Predictions for the 94th Annual Academy Awards


With the Oscars less than a week away, it's time to lay down my official predictions. However, this year I'm doing things a bit differently. With so many categories that appear to be locks, it seems like it would be a whole lot easier to list the predictions in their entirety (minus the shorts, which have nothing to base predictions on) and provide notes on categories that are still in contention after, so let's get right to it:


Best Picture: The Power of the Dog

Best Director: Jane Campion, the Power of the Dog

Best Actor: Will Smith, King Richard

Best Actress: Jessica Chastain, The Eyes of Tammy Faye

Best Supporting Actor: Troy Kotsur, CODA

Best Supporting Actress: Ariana DeBose, West Side Story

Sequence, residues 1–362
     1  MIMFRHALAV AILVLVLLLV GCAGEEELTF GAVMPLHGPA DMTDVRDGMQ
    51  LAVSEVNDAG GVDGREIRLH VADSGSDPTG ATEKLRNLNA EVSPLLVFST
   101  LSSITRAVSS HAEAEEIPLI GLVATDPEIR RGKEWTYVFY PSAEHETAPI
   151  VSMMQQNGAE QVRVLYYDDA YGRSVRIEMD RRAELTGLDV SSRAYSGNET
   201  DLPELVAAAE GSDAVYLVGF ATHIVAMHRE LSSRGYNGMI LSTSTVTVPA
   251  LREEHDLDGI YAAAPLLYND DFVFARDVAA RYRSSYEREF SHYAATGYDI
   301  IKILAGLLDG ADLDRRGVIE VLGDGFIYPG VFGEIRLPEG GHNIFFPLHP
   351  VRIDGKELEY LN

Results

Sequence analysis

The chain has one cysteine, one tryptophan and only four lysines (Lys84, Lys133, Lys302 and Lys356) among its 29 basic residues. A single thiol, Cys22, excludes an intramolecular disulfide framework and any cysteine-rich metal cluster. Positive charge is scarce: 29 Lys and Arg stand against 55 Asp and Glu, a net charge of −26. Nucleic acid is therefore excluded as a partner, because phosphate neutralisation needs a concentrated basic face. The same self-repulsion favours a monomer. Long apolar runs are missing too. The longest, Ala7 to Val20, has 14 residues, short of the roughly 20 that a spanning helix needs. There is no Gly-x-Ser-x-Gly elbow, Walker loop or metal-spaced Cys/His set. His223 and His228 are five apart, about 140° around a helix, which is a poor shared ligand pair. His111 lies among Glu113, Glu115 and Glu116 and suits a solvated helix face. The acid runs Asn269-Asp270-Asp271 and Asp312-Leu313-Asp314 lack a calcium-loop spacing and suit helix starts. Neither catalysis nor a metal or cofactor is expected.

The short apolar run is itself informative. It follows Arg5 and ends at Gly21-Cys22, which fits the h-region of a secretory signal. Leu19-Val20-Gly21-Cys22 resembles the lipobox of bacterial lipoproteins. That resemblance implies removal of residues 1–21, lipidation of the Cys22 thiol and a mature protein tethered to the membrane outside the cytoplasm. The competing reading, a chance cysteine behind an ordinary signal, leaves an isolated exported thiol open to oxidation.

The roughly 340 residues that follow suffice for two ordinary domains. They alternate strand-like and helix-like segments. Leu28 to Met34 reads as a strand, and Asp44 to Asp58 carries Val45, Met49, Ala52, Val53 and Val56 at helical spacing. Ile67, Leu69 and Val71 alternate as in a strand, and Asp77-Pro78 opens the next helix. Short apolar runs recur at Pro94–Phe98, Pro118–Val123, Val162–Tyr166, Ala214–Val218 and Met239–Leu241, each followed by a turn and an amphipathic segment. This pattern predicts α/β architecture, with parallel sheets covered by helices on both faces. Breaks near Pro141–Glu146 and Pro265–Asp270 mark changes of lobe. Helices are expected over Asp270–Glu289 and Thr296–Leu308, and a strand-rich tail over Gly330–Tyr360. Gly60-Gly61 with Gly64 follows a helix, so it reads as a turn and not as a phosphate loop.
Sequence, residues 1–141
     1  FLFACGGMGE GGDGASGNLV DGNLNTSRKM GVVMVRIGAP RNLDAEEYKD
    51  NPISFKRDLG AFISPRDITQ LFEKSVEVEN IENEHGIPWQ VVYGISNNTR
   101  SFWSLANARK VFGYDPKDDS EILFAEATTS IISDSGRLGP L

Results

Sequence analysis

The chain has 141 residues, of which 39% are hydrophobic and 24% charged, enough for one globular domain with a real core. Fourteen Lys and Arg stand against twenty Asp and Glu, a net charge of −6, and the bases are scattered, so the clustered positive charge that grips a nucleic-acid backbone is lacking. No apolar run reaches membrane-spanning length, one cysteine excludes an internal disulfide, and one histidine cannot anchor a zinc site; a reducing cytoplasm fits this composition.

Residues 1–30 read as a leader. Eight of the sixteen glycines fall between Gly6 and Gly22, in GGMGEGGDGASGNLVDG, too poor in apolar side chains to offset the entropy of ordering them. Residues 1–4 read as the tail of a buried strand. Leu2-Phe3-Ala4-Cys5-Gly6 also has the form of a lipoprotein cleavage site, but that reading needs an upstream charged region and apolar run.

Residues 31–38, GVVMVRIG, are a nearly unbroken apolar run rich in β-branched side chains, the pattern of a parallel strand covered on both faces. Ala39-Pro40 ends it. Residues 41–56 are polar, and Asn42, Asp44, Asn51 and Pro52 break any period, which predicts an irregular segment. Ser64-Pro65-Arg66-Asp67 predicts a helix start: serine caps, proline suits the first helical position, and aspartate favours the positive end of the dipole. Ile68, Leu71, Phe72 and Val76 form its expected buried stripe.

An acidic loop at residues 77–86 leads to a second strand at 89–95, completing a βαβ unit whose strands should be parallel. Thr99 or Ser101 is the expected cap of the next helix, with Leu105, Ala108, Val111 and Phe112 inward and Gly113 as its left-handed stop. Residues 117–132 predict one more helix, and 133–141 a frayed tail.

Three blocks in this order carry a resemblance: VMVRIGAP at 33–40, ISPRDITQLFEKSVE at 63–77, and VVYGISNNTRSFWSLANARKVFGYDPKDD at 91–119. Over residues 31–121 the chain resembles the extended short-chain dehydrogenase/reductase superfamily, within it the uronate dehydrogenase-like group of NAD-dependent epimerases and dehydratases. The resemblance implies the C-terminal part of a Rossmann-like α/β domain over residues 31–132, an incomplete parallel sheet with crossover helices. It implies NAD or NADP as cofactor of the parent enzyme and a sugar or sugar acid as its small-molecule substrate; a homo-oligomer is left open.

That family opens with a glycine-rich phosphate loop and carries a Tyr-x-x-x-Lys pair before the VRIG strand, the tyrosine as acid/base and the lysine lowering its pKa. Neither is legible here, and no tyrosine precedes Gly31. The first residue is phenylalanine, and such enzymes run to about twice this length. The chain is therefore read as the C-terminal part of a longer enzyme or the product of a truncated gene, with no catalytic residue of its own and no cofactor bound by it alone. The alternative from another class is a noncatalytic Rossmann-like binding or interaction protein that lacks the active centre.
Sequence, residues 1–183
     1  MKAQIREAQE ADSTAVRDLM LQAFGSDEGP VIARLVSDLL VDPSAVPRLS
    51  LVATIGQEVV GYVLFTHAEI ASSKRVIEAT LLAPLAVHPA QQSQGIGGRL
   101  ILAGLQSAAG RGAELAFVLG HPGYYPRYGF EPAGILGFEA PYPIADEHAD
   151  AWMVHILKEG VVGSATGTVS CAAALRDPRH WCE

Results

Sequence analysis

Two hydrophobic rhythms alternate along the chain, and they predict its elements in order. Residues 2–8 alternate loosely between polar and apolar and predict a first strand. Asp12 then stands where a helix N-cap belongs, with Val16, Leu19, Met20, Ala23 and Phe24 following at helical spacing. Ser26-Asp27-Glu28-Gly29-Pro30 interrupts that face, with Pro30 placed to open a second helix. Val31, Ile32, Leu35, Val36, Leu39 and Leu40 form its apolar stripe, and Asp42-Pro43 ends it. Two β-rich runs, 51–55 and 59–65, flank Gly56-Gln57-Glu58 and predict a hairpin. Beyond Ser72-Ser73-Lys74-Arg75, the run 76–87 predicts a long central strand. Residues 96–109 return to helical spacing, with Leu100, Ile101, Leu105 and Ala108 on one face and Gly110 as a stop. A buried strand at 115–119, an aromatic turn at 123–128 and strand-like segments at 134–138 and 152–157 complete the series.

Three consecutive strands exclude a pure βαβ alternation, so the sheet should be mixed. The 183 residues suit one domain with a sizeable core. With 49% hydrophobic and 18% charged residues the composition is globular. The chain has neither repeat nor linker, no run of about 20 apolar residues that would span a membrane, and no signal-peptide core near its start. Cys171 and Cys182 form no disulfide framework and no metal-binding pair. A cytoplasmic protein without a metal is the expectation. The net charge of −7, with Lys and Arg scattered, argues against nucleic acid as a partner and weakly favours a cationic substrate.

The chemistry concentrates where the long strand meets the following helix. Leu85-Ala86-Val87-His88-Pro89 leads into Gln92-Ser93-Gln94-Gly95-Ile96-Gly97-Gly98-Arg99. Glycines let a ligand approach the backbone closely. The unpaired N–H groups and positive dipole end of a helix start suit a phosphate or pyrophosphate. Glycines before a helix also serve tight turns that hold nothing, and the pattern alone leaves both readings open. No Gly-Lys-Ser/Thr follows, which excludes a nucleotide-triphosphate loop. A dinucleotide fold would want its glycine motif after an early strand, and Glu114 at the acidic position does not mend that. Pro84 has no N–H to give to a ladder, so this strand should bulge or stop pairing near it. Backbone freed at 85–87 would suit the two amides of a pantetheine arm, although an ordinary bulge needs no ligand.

Best Original Screenplay: Kenneth Branagh, Belfast

Best Adapted Screenplay: Sian Heder, CODA

Best Film Editing: Dune

Best Cinematography: Dune

Best Production Design: Dune

Best Costume Design: Cruella

Best Makeup and Hairstyling: The Eyes of Tammy Faye

Best Original Score: Dune

Best Original Song: "No Time to Die," No Time to Die

Best Sound: Dune

Best Visual Effects: Dune

Best Animated Feature: Encanto

Best Documentary Feature: Summer of Soul

Best International Film: Drive My Car


Starting from below the line and heading up, the first category that is still a bit up in the air is Best Cinematography. "Dune" is the most obvious pick here as it won at both BAFTA and the American Society of Cinematographers Awards, but "The Power of the Dog" is still very much in play here and could sneak in to take it at the last minute, especially if it's going to win the big prize at the end of the night. If it does manage to pull off the upset, it could be very telling in where the night is headed.